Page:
Traffic / Transportation
To report emergency conditions or need for repair, or if any of the following are present, please call Traffic Control at 972-547-7350.
Streetlights are maintained by the electric companies. Use the following links to report outages directly to the electric companies:
Connected Cities Partner
The Waze Connected Cities Program allows the City of McKinney to provide Waze with advanced and real-time information about:
In exchange, Waze provides real-time, anonymous, user-generated slowdown and incident information. Find out more about Connected Cities.
This program helps us to reach our goal of providing a safe and efficient transportation system within McKinney.
About Traffic Signals
Traffic controls establish which vehicles have the right-of-way, improve traffic flow and reduce intersection delays. Examples include yield signs, stop signs, traffic signals and turn prohibition signs. The Texas Manual on Uniform Traffic Control Devices (TMUTCD), a state-wide set of standards for traffic control devices, has very specific guidelines and criteria for the proper use and placement of intersection control.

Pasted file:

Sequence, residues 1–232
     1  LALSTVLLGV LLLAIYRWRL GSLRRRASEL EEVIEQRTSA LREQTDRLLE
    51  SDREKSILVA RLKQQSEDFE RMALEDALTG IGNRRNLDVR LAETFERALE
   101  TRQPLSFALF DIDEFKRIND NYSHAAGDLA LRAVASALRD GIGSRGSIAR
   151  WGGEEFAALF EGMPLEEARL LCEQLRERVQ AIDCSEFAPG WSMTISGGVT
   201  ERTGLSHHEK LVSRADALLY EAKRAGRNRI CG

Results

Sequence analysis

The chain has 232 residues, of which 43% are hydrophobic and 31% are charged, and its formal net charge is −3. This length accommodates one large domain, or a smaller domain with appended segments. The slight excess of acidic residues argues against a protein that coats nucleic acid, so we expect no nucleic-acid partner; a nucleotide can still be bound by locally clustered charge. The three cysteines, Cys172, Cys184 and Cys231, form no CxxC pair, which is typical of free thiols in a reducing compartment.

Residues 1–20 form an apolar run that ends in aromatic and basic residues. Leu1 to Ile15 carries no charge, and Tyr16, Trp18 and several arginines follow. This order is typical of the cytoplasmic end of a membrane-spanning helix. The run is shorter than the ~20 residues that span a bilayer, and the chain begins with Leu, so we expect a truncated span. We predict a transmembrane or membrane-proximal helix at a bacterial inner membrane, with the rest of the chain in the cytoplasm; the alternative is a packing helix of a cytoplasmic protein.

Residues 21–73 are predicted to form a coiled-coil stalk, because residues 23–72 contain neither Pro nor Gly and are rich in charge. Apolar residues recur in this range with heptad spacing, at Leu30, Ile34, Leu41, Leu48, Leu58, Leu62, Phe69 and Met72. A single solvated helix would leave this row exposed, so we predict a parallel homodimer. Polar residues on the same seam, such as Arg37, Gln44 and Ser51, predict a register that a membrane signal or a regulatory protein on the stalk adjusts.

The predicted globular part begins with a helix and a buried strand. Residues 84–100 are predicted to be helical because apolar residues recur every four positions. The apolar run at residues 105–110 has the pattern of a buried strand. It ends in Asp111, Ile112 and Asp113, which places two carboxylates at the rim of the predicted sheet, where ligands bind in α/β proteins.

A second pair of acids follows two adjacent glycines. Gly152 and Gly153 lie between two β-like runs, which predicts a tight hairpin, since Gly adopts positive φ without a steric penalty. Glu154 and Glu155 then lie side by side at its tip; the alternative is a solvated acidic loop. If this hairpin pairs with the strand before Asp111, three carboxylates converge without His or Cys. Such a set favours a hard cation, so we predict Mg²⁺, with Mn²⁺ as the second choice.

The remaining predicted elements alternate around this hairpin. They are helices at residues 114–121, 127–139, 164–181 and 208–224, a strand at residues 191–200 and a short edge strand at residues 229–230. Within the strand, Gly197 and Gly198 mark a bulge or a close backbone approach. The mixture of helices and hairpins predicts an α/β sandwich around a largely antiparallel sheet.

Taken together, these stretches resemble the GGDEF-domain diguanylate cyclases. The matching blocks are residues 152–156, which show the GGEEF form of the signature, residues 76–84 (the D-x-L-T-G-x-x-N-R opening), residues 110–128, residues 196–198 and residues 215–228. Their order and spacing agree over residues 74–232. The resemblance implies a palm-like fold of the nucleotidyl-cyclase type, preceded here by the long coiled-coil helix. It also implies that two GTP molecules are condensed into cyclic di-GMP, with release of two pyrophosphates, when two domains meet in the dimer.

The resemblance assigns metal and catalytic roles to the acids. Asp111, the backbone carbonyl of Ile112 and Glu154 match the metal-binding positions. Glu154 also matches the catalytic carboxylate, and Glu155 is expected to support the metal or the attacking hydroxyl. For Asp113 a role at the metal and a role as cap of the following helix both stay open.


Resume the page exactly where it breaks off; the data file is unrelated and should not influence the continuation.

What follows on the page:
Requests for Traffic Signal Installation
Requests for installation of intersection controls may be submitted to the Engineering Department. A traffic study will be conducted to determine if an upgrade of traffic controls is warranted. The traffic study includes:
- Measurement of traffic volumes into the intersection from all approaches.
- Analysis of the distribution of traffic throughout the day
- Gathering accident records for the intersection.
If a traffic signal is justified, the installation of a four-way stop may be considered as a temporary measure until funding for the traffic signal becomes available.
- Traffic signals cost more than $250,000 per intersection.
Traffic Calming Program
To help maintain and improve the safety of residential streets, City Council adopted a program to address traffic issues like speeding, cut-through traffic and parking problems in residential neighborhoods. Our goal is to have 85% of vehicles going at or below the posted speed limit.
When a traffic problem in a residential neighborhood is reported, the first step in the process is generally to conduct a traffic study at that location to determine the extent of the problem. After the traffic study is complete, staff then discusses the available options.